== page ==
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The role of alternative network response options in minimising the costs of DG integration into power networks

R. Cossent, L. Olmos, T. Gómez, C. Mateo, F. Nieuwenhout, C. Obersteiner, Ö. Özdemir, D. Trebolle, J. Poot, M. Bongaerts, B. Doersam

Increasing DG/RES penetration levels are expected to affect a wide range of electricity system costs components. The most relevant ones are deemed to be distribution costs, since the size of distribution assets can no longer depend only on flows caused by peak demand; generation, since DG will replace part of the former production of conventional generation and the generation mix will change as well; balancing, due to the unpredictability and variability of some DG technologies and external cost, since emissions of different polluting substances are significantly lower when electricity is produced using clean renewable technologies. Within the IMPROGRES project the evolution of the different types of costs with increasing shares of DG, ceteris paribus, has been determined. The set of system variables that are kept constant (level of demand, fuel prices, CO2 prices, etc.) are known as the background or storyline where DG impact is measured. Two different storylines have been considered, one corresponding to the year 2008 and another one corresponding to the expected situation in the year 2020. For each storyline several scenarios have been analysed: no-DG, 2008 DG, 2020 DG Medium and 2020 DG High. Three distribution areas which have a high potential for the integration of DG/RES have been studied. These are located in Spain, the Netherlands and Germany. These areas have different characteristics in terms of the type of load existing in the area (rural/urban, etc.), the type and amount of DG present, as well as unit costs and other parameters of design of the grid. The computation of system costs has been mainly carried out with the aid of software models owned by IMPROGRES project partners. In order to assess distribution costs, two reference network models have been employed to compute the optimally adapted distribution network for each of the previously defined scenarios. These reference network models take into account the cost of investments, operation and maintenance and losses when developing the minimum cost grid that is able to cope with the flows that are expected in each case. They also take into account DG to reduce costs if possible as well as to compute the extra costs that the latter may cause. Simultaneously, variable generation costs and social welfare in the dispatch are computed using an economic dispatch model named COMPETES, assuming perfect competition and taking into account the substitution effect associated with the presence of DG in a set of operation scenarios representative of the operation of the system during the whole year. Fixed generation cost are computed from the result of the dispatch computed by COMPETES and using levelized costs so as to determine the amount of capacity from each conventional generation technology required to provide this energy. External cost are computed from the total production from each technology computed by COMPETES and according to the unit emission factors corresponding to each technology. All these cost factors are scaled to take into account the effect that the low capacity credit corresponding to certain technologies may have both on the production and on the amount of capacity installed of each technology (the latter for conventional ones). […]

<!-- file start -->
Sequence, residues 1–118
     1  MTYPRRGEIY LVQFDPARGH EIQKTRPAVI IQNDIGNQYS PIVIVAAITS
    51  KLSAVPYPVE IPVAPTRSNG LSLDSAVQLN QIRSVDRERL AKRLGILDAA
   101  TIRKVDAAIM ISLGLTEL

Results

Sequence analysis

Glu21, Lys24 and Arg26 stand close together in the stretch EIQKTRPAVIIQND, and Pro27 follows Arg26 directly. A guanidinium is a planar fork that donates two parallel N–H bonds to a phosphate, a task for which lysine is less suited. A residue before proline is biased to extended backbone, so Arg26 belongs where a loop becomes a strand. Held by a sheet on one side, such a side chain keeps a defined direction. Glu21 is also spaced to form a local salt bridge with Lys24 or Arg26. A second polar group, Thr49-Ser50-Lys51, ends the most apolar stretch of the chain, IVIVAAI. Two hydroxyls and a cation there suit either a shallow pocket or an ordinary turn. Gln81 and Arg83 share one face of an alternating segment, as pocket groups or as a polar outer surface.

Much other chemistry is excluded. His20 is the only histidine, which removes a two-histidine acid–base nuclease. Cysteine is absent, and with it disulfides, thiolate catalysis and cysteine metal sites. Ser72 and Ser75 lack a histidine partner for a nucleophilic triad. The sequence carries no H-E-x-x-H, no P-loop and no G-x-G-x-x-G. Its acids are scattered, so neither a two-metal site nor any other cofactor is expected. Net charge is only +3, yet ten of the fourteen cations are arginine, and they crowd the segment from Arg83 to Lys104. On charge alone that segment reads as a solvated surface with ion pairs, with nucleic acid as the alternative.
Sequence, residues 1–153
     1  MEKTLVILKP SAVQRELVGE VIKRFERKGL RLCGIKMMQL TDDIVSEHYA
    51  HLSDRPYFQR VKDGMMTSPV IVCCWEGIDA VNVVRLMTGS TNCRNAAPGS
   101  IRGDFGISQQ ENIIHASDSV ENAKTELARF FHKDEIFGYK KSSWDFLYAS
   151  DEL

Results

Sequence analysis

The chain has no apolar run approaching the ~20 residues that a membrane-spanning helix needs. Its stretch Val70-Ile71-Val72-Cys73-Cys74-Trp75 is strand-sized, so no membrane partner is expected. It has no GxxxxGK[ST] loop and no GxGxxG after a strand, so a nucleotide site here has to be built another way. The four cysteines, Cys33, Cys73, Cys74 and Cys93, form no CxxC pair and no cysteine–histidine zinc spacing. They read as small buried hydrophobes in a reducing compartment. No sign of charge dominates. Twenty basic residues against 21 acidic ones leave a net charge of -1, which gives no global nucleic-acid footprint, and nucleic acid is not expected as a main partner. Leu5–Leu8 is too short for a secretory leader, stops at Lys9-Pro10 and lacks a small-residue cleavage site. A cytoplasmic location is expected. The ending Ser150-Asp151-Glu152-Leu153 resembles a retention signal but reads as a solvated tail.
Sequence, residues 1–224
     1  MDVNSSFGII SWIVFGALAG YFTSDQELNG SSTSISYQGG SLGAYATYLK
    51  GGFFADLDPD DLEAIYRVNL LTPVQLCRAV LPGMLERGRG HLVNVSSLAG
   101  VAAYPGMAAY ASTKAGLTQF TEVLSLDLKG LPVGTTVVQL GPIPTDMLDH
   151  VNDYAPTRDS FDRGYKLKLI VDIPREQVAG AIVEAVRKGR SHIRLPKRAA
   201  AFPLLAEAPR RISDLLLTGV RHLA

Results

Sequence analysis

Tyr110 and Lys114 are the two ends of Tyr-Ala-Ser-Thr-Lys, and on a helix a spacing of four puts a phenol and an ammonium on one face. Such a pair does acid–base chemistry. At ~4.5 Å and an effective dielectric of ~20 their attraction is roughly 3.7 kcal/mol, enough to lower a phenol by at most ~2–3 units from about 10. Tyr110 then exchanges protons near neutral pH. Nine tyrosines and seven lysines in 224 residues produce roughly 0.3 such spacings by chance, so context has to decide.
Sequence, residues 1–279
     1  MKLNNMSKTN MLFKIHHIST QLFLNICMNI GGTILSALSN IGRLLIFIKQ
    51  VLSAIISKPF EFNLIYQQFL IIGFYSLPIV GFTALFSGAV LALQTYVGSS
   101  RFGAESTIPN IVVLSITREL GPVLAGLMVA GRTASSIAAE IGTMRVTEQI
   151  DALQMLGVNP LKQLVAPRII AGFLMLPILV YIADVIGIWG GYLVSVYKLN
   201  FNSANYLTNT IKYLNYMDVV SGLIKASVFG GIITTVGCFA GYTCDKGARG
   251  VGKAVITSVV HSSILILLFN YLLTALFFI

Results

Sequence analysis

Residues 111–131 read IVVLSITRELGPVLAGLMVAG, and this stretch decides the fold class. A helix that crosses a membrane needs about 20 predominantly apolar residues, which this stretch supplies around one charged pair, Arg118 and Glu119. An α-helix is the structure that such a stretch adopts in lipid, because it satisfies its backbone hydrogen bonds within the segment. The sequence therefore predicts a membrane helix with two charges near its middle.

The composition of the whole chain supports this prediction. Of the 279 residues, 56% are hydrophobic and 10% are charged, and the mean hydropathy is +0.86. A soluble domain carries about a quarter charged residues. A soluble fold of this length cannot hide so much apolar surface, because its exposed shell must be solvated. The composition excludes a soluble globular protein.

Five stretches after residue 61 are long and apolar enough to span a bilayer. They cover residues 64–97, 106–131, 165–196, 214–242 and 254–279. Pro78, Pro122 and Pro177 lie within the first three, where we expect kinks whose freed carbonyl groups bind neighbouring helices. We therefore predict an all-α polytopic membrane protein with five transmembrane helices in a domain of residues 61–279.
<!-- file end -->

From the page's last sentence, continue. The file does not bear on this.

Entidad financiadora: Comisión Europea. Intelligent Energy-Europe (IEE)

Fecha de publicación: 01-03-2010


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